The Last Tycoon (2016) – A Glitzy and Glamorous Old Hollywood Drama
In recent years, Amazon has not only become a number one retailer, they’ve also dipped their toes into entertainment. One of their most recent contributions towards that is this ritzy period drama inspired by the F. Scott Fitzgerald story.
One of the fresh faces of Hollywood, Cecelia Brady (Lily Collins) is persistent in pursuing her dream. One of which happens to be the attentions of Monroe Starr (Matt Bomer). Young, intelligent and at the top of his career, Monroe is everything Cecelia wants in a man. Unfortunately for her, he’s also unavailable. Emotionally, Monroe is still grieving the death of his wife, an actress whose story Martin is finally producing for film.
Further complicating things is the fact that Cecelia wants Monroe to take her seriously as a writer. She has good ideas she tells him even as he brushes her off as a mere inconvenience. Plus, as his boss’ daughter, Monroe isn’t interested in taking on any of Cecelia’s work. But all that changes when his mentor and boss, Pat Brady (Kelsey Grammer) sidelines the one project that he cannot let go – his wife’s biopic.
Truth be told, this pilot dazzled me. Saying anything else wouldn’t be the truth, and as I always want to review with honesty, in short, that’s my reaction. I was swept up in this world before 5 minutes passed, and couldn’t wait to experience what was around the corner. The scripting is a blend of romance, mystery and “vintage” that immediately pulls its viewer into its web. Or it did me.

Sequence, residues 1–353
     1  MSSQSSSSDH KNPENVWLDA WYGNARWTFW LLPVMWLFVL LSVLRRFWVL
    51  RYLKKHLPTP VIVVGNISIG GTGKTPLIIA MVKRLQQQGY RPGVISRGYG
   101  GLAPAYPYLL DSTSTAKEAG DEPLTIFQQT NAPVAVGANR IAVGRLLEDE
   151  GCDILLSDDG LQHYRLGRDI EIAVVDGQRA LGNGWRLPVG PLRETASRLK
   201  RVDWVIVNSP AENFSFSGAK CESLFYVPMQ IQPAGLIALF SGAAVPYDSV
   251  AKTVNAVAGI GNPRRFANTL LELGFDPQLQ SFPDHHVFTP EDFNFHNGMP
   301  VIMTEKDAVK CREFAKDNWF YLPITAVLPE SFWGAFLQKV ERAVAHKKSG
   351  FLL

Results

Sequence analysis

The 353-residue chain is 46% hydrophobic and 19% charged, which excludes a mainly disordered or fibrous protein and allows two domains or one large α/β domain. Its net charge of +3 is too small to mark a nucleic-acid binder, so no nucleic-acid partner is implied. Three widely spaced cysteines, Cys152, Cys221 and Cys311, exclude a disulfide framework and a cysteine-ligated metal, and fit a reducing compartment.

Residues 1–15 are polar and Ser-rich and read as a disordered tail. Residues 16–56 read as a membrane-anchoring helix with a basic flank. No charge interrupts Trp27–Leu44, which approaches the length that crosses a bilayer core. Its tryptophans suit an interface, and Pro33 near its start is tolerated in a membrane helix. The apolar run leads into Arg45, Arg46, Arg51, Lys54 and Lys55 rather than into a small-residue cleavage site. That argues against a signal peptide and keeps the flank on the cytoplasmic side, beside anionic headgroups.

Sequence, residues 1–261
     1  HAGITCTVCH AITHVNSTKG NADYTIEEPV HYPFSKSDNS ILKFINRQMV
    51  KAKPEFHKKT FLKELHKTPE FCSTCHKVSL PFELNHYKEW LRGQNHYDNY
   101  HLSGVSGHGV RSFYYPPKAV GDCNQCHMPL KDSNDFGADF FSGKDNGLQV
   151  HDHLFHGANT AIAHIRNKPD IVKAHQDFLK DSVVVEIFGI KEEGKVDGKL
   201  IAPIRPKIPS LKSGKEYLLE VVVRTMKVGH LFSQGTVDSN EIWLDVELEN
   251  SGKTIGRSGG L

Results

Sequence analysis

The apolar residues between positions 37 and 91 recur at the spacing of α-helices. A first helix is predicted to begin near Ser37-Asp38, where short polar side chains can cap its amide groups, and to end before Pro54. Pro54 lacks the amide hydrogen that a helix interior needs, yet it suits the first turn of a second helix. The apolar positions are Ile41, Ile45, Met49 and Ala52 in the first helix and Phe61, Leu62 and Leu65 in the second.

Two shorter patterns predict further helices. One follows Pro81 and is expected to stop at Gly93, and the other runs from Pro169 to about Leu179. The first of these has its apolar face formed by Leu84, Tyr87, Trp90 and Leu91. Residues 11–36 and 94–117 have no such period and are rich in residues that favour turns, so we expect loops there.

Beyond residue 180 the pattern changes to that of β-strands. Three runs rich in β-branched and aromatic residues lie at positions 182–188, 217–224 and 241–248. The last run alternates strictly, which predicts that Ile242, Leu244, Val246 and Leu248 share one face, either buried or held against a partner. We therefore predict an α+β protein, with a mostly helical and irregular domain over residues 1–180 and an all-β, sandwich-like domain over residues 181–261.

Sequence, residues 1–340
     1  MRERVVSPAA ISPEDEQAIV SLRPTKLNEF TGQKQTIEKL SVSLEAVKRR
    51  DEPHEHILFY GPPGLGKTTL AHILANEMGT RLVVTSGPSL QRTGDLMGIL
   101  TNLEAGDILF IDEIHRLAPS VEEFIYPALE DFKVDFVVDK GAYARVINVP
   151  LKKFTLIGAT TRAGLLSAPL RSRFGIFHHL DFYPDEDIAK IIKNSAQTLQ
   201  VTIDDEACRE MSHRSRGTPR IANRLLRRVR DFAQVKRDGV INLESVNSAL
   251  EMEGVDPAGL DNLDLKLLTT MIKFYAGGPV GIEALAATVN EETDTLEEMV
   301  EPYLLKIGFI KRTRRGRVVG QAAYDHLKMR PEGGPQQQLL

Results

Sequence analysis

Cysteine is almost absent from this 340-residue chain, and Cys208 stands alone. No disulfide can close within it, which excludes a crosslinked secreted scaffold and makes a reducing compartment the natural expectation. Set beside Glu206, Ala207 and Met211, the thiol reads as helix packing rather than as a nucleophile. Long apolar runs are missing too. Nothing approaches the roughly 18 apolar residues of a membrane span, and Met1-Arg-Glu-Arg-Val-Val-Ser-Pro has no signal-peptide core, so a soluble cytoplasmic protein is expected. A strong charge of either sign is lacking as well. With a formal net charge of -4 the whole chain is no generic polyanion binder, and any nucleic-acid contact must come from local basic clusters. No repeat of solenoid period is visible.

Beyond the tapestry of secrets it weaves, there is, unfortunately, one big misstep that might have ruined it for me moving forward. My greatest argument with the series is the 180 change of one of its characters. Maybe it’s because I’m a romantic or I crave a hero who, though flawed, is above board morally. Is this a dream that will remain unfulfilled given today’s entertainment? Probably. But a girl can hope. The big “reveal” happens in the final minute of the episode and for me, it kind of ruined all the starry-eyed potential I had of this character.
The cast is among the best including Collins and Bomer who share an interesting, undeniable chemistry. Their relationship is sure to be one of “back and forth.” Cecelia’s feelings for him are of a purer nature than what Monroe’s plans for her are. But given her optimism and sincere worry for him, I’d like to think she’s someone who can inspire a difference in him. Part of the reason I like these two in these roles so well could be because I’ve liked Collins in the films she’s starred in, and Bomer is a favorite from his days on White Collar. Costuming is beyond beautiful and really helps put us in the golden age of Hollywood. The sets are all about the razzle dazzle of the 20s, and also help in creating that perfect atmosphere.